The Search for Affordable Homes
Many prospective homebuyers are waiting for a correction in the housing market to purchase a home at a bargain comparable to the 2008 market crash. However, there are different factors now. The housing bubble 15 years ago was largely driven by questionable lending policies that led to a boom in new construction and a speculative frenzy. Now, prices are high as before, but low interest rates and lack of supply due to the difficulty in part of getting supplies are an issue as well as less inventory due to the lingering impact of the COVID crisis.
Where Is the Intense Housing Demand Coming From?
The demographics of homeowners looking to purchase a home today include people who are relocating from the Northeast and the West Coast for tax reasons, millennials wishing to purchase their first homes, and people seeking more space as remote work continues.
How Is the Real Estate Market of 2008 Different from Now?
Unlike the Great Recession, today’s lending practices are more stringent, requiring homeowners to have a bigger down payment when purchasing a home. According to David Druey, Centennial Bank Florida Regional President, “During the Great Recession, we had mortgage companies and banks financing 100 percent of the purchase price and closing costs. We created our own crisis.”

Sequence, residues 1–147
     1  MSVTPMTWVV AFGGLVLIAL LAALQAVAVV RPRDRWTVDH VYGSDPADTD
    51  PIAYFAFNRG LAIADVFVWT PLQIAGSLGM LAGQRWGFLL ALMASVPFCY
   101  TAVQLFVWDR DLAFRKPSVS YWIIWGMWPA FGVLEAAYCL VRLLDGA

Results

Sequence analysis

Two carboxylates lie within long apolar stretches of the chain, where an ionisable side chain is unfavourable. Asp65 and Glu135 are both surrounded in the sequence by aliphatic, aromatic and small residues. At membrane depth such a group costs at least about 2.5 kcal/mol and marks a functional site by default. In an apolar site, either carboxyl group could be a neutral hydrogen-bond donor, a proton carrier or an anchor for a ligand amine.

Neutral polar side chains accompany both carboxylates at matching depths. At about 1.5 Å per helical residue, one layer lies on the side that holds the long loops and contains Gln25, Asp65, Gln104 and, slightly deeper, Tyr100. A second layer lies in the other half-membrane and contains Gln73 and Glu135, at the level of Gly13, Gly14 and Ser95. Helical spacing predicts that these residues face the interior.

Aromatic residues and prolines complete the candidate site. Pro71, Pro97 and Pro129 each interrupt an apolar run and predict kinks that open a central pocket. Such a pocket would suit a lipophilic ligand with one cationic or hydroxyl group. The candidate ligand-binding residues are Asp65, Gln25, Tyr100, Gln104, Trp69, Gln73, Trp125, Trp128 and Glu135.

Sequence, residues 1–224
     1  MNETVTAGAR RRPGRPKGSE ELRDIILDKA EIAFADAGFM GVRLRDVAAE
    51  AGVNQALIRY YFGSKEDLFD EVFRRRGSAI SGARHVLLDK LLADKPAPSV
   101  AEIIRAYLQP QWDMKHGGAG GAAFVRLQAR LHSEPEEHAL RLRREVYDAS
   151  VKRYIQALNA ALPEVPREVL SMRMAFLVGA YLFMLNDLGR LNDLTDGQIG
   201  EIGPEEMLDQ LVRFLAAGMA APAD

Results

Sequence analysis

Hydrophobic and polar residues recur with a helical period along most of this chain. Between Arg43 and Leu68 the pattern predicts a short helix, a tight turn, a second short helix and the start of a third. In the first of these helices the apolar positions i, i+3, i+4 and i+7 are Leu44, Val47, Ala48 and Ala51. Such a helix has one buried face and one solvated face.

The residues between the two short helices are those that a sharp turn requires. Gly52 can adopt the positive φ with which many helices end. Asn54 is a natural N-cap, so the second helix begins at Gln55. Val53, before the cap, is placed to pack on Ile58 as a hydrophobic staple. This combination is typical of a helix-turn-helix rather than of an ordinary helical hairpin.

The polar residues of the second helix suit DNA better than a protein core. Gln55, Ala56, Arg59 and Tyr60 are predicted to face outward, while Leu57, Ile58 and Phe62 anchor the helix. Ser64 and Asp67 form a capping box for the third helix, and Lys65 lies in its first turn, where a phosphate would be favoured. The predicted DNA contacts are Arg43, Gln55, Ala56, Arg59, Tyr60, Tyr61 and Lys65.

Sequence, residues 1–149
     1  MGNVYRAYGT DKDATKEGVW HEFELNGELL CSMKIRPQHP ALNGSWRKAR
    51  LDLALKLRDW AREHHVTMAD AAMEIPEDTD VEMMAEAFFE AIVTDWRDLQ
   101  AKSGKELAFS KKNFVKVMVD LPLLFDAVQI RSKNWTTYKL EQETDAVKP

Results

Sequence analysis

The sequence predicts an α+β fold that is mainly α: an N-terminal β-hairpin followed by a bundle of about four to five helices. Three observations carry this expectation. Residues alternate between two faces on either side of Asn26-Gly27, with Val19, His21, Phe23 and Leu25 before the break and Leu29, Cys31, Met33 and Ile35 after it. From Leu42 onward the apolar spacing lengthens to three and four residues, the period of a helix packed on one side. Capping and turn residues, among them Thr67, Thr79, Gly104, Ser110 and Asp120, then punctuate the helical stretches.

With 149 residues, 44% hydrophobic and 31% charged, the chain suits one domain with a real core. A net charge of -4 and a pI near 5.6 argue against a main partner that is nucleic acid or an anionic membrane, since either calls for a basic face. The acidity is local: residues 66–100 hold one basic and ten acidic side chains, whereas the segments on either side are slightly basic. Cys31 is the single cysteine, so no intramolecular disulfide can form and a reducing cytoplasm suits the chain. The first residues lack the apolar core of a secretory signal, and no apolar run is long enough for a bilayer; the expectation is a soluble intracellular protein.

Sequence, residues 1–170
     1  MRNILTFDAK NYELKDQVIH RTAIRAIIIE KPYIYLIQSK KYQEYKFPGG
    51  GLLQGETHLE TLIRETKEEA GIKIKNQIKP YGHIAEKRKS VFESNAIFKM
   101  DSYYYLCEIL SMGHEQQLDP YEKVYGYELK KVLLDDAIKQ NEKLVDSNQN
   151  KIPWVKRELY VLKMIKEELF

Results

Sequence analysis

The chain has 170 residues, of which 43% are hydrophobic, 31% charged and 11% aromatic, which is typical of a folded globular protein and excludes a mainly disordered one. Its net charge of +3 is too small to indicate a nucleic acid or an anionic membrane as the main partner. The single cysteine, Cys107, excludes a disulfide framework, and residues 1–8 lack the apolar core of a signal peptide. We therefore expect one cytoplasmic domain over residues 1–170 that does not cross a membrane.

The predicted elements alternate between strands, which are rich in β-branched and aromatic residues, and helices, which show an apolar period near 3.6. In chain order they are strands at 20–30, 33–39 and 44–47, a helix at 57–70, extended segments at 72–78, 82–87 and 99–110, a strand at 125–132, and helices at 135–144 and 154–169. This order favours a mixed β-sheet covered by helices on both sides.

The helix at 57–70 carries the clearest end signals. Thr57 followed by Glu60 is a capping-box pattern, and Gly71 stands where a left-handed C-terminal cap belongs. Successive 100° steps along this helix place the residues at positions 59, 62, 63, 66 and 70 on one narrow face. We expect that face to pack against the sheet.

Aside from stricter lending policies, 60 percent of homebuyers who finance with a mortgage said that low interest rates played a role in their decision to purchase a home. According to Bankrate.com, rates for a 30-year fixed mortgage stand at 3.03 percent while rates for a fixed 15 years are 2.03, as of September 1, 2021.
Additionally, the number of homes on the market now is dramatically different. In 2008, there was an oversupply; now, the number of homes listed have significantly decreased. Listings for homes plunged 61 percent in Palm Beach County compared to 4 years ago; Broward County listings decreased 46 percent, while in Miami-Dade was similar at 39 percent.
While home prices in 2021 are higher than in previous years, they have not reached the height of home prices during the 2008 crash. During that period, homes were overvalued by almost 60 percent; now, homes in south Florida are overvalued by about 13 percent.
What May We Expect?
Some economists claim that the shortages of homes for sale coupled with low interest rates and relocations to south Florida from out-of-state residents should keep us from sustaining a housing crisis that led to the Great Recession of 2008. While experts believe a correction in home prices may not happen until sometime next year, changes in the economy will inevitably affect the housing market.
While there is no magic ball to accurately predict the future, we had indicated in an earlier blog that we all may agree that the frenzied housing market is nearing heights that are reminiscent of the mid-2000s. Aside from low interest rates, supply shortage, and demographic shifts, we all recognize that the pandemic has added a layer of complexity to the mix, and the inevitable likely end of the eviction and foreclosure moratoria adds more challenges to the housing market.
Should you have a real estate legal issue, our team at Oppenheim Law may be reached at 954-384-6114. Should you need assistance with a real estate purchase or sale, our title company, Weston Title & Escrow, Inc. can be reached at 954-384-6168.
From The Trenches